A New Commander Ulysses S. Grant was small and unimpressive in appearance. His early army career was not impressive either, and in 1854 he had been forced to resign because of a drinking problem. When the war began, he rejoined the army, and his victories in the West and willingness to attack hard impressed Lincoln. In November 1863, after his victory at the Battle of Chattanooga, Tennessee, Lincoln named him the new commander of all the Union armies.
A Controversial Plan Grant’s plan was for the Army of the Potomac to try to crush Lee’s army in Virginia while the western army, under General William Tecumseh Sherman, would advance to Atlanta, Georgia and crush the Confederate forces in the Deep South. In May and June of 1864, Grant’s army of 115,000 smashed into Lee’s 64,000 troops in a series of 3 battles near Richmond, Virginia: the Battles of the Wilderness, Spotsylvania Courthouse, and Cold Harbor. The battles cost the North thousands of men, and critics called Grant a butcher, but he continued south to attack Petersburg as well. An important railroad center, if Petersburg fell, Richmond would be cut off from the rest of the Confederacy. The assault turned into a 9 month siege.
The Election of 1864 To the war-weary North, the events of the 1 st half of 1864 were discouraging. Grant was stuck outside Richmond and Petersburg, and Sherman was stuck outside Atlanta. Lincoln’s chances for reelection did not look good. The tide turned though when, in August, David Farragut led a Union fleet into Mobile Bay and took control of the Gulf of Mexico. Then, in September, news arrived that Sherman had captured Atlanta. Finally, in October, General Sheridan’s Union forces drove the Rebels out of the Shenandoah Valley in Virginia. Lincoln easily won reelection, taking 55% of the popular vote.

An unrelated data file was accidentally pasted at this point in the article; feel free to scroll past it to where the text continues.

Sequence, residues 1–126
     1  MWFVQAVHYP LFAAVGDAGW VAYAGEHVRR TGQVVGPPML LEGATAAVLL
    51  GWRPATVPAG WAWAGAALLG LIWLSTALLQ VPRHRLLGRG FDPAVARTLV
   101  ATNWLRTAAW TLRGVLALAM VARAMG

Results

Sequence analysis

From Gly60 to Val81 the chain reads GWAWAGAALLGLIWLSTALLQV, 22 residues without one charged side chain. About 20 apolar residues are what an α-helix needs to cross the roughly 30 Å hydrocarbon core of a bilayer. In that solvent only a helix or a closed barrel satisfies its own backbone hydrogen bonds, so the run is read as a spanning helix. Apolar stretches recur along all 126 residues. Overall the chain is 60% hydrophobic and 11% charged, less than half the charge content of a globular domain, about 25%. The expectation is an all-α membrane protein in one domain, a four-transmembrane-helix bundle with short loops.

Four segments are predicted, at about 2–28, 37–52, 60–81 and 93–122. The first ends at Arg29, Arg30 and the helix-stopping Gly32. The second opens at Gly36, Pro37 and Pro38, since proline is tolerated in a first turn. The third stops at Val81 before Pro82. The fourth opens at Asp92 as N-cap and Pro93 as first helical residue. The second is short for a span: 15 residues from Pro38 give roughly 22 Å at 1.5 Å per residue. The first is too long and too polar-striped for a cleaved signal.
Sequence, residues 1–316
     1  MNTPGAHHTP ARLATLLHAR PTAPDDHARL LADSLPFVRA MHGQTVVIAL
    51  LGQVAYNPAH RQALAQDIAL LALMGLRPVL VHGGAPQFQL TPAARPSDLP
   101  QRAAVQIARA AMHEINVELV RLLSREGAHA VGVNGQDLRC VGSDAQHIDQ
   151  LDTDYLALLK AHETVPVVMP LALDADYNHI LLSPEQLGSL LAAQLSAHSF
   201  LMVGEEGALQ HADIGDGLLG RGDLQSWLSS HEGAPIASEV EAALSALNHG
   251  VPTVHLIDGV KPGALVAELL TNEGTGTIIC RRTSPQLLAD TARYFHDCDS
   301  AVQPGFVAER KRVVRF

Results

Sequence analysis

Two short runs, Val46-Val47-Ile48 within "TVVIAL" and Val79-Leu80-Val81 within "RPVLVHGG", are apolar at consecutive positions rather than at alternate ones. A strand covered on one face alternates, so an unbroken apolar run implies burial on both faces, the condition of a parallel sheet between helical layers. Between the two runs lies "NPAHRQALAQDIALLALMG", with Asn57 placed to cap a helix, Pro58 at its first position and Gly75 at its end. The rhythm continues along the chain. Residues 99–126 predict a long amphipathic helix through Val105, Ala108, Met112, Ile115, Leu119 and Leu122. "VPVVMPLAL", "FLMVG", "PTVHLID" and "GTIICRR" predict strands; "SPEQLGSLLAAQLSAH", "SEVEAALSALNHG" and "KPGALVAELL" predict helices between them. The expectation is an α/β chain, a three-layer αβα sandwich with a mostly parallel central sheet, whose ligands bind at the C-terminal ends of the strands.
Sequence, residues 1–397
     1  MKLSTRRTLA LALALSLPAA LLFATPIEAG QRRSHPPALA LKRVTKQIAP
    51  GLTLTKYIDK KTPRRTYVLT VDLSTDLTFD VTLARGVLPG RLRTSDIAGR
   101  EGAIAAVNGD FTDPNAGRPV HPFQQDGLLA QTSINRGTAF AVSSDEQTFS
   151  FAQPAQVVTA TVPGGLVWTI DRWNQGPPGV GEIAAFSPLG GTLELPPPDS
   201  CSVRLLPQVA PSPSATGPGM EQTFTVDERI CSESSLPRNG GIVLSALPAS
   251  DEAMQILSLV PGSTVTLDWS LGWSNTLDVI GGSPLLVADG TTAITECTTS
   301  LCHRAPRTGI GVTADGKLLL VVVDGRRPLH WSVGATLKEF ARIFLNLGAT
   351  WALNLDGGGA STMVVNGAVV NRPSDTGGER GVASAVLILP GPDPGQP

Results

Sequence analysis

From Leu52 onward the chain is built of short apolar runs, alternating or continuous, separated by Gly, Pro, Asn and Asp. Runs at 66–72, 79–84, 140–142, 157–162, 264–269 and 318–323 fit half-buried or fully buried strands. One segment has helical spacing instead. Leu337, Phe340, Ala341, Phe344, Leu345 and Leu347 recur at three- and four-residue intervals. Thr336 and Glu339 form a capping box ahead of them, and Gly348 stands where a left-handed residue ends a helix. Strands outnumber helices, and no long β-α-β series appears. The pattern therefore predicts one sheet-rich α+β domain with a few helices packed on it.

Total War Leaving Atlanta in ruins, Sherman’s army began the historic “march to the sea” to Savannah, Georgia. As the army advanced, it abandoned its supply lines and lived off the land it passed through. Union troops took what food they needed, tore up railroad lines and fields, and killed animals in an effort to destroy anything useful to the South. They cut a path of destruction sometimes 50 miles wide. This method of waging war was known as total war. After capturing Savannah in December, Sherman turned north to join Grant’s forces in Virginia.
Victory For the North Throughout the fall and winter of 1864, Grant continued the siege of Petersburg. Lee and his troops defended the town, but sickness, hunger, casualties, and desertion weakened them. Finally, on April 2, 1865, the Confederate lines broke and Lee withdrew his troops. Richmond fell the same day. As residents left, they set fire to much of the city to keep it from falling into Union hands, but it was too late. Lee moved his army west of Richmond, hoping to stop Sherman, but the Union blocked his escape.
Surrender At Appomattox On April 9, 1865, Lee and his troops surrendered to Grant in a small Virginia village called Appomattox Court House. Grant’s terms were generous. The Confederate soldier had to lay down their arms, but they were free to go home. He also ordered 3 days’ worth of food sent to Lee’s hungry troops. Several days after Lee’s surrender, the Confederate forces in North Carolina surrendered to General Sherman. Jefferson Davis, the president of the Confederacy, was captured in Georgia on May 10. The Civil War was over at last.
Results of the War The Civil War was the most devastating conflict in American history. More than 600,000 soldiers died, and the war caused billions of dollars of damage, most in the South. It also created bitter feelings among defeated Southerners. The war had other consequences as well. The North’s victory saved the Union and strengthened the federal government. Finally, the war freed millions of African Americans. How the nation would treat these new citizens remained to be seen. (Start video at 51:50) https://www.youtube.com/watch?v=IcV 8FPir-HI https://www.youtube.com/watch?v=IcV 8FPir-HI